Ever Given and the loss of billions of dollars worldwide
The Suez Canal, located in Egypt, was, a week ago, blocked by a huge freighter (Ever Given), and ended up preventing the passage of numerous other ships. The waterway was built in 1869 and allows for navigation between Europe and Asia, without the need to travel around the African continent, saving time. We know that currently, time is money, more specifically dollars, the world's backbone.
The stranding of Ever Given in the channel caused a significant drop in the price of crude oil, as its distribution was affected by the blockade. In addition, there was also a delay in fuel and supplies from these vessels. It is estimated, according to O Globo, that US$ 400 million were lost per hour, approximately US$ 9.6 billion per day. The channel accounts for approximately 12% of world maritime trade.
Bloomberg estimates that approximately 400 ships were bottled, 14 of which had live cargo. Egypt, in particular, loses around U$ 13 million a day with the closure of the road, an important part of the country's economy. This location is called the "choke point" of the planet, that is, it is a point that can end up limiting the capacity of a system. This means that the performance of a commercial system is determined by the performance of these bottlenecks. It is extremely important for the supply of raw materials and goods.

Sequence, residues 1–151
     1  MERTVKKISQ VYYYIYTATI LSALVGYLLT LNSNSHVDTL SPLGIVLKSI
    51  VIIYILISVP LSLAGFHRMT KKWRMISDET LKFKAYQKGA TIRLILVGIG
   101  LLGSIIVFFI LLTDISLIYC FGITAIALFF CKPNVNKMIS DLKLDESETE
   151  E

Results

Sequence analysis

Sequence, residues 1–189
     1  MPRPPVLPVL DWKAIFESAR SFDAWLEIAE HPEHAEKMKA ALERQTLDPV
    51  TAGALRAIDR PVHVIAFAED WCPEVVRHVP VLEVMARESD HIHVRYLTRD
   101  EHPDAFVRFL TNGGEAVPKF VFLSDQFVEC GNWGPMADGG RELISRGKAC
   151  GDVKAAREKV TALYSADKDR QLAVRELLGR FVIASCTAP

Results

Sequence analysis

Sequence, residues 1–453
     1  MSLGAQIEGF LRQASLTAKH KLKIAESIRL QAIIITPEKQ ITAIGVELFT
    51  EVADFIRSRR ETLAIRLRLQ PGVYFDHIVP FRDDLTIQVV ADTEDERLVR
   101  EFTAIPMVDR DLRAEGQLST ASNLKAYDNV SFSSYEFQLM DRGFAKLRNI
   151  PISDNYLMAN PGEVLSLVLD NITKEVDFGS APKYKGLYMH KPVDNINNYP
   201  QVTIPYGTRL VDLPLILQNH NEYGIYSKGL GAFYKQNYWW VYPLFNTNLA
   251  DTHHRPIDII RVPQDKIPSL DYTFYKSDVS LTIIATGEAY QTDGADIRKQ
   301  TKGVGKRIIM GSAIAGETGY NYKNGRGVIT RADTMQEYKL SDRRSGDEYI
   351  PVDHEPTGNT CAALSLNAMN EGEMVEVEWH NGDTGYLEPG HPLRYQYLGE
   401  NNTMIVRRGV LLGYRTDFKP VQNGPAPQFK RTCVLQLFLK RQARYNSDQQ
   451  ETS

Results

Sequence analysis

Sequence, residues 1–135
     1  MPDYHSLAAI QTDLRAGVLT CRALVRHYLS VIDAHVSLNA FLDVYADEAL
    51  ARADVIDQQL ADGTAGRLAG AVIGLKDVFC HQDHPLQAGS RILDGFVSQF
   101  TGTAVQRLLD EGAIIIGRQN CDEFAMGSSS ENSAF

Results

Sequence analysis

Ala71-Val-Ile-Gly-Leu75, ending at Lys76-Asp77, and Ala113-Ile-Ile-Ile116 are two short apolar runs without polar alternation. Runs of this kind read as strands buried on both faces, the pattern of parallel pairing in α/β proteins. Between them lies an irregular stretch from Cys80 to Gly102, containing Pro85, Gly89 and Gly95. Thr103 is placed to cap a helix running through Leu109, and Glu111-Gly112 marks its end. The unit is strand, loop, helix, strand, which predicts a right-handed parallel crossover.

Dealing more specifically with Brazil, around 9% of Brazilian maritime cargo passes through the channel, and the greatest concern is with refrigerated cargo, such as meat and fruit, as they rot after a certain time. Meat exports to the Middle East will be harmed. In addition, Brazil had a high demand from China, and as many Chinese ships were full and the channel was blocked, there is a risk of an increase in freight prices and greater difficulty in replenishing stocks in Brazil. Due to the pandemic, these freights are already much higher than normal, and the biggest concern would be if the blocking took longer.
This event had an impact on the international market and it will take some time for things to stabilize again. The Suez Canal has been the target of conflicts in the past due to its strategic location and remains of extreme importance in the world to this day.
By Lígia Rabello on 03/31/2021